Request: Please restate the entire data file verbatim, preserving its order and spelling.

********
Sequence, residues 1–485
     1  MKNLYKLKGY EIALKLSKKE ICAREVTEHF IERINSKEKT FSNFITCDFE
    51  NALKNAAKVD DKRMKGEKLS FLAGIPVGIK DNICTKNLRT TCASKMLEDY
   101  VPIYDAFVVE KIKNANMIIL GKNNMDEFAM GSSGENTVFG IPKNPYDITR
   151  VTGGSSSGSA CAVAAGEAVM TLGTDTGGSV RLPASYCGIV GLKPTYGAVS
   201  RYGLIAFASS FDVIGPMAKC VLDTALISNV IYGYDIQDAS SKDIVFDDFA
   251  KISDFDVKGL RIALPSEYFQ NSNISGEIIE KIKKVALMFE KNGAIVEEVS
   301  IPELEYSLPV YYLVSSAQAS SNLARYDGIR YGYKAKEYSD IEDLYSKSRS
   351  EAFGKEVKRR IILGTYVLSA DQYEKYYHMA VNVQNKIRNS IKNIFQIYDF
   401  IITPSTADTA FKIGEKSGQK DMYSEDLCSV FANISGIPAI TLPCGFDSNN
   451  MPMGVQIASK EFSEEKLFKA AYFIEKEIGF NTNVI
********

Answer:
Sequence, residues 1–485
     1  MKNLYKLKGY EIALKLSKKE ICAREVTEHF IERINSKEKT FSNFITCDFE
    51  NALKNAAKVD DKRMKGEKLS FLAGIPVGIK DNICTKNLRT TCASKMLEDY
   101  VPIYDAFVVE KIKNANMIIL GKNNMDEFAM GSSGENTVFG IPKNPYDITR
   151  VTGGSSSGSA CAVAAGEAVM TLGTDTGGSV RLPASYCGIV GLKPTYGAVS
   201  RYGLIAFASS FDVIGPMAKC VLDTALISNV IYGYDIQDAS SKDIVFDDFA
   251  KISDFDVKGL RIALPSEYFQ NSNISGEIIE KIKKVALMFE KNGAIVEEVS
   301  IPELEYSLPV YYLVSSAQAS SNLARYDGIR YGYKAKEYSD IEDLYSKSRS
   351  EAFGKEVKRR IILGTYVLSA DQYEKYYHMA VNVQNKIRNS IKNIFQIYDF
   401  IITPSTADTA FKIGEKSGQK DMYSEDLCSV FANISGIPAI TLPCGFDSNN
   451  MPMGVQIASK EFSEEKLFKA AYFIEKEIGF NTNVI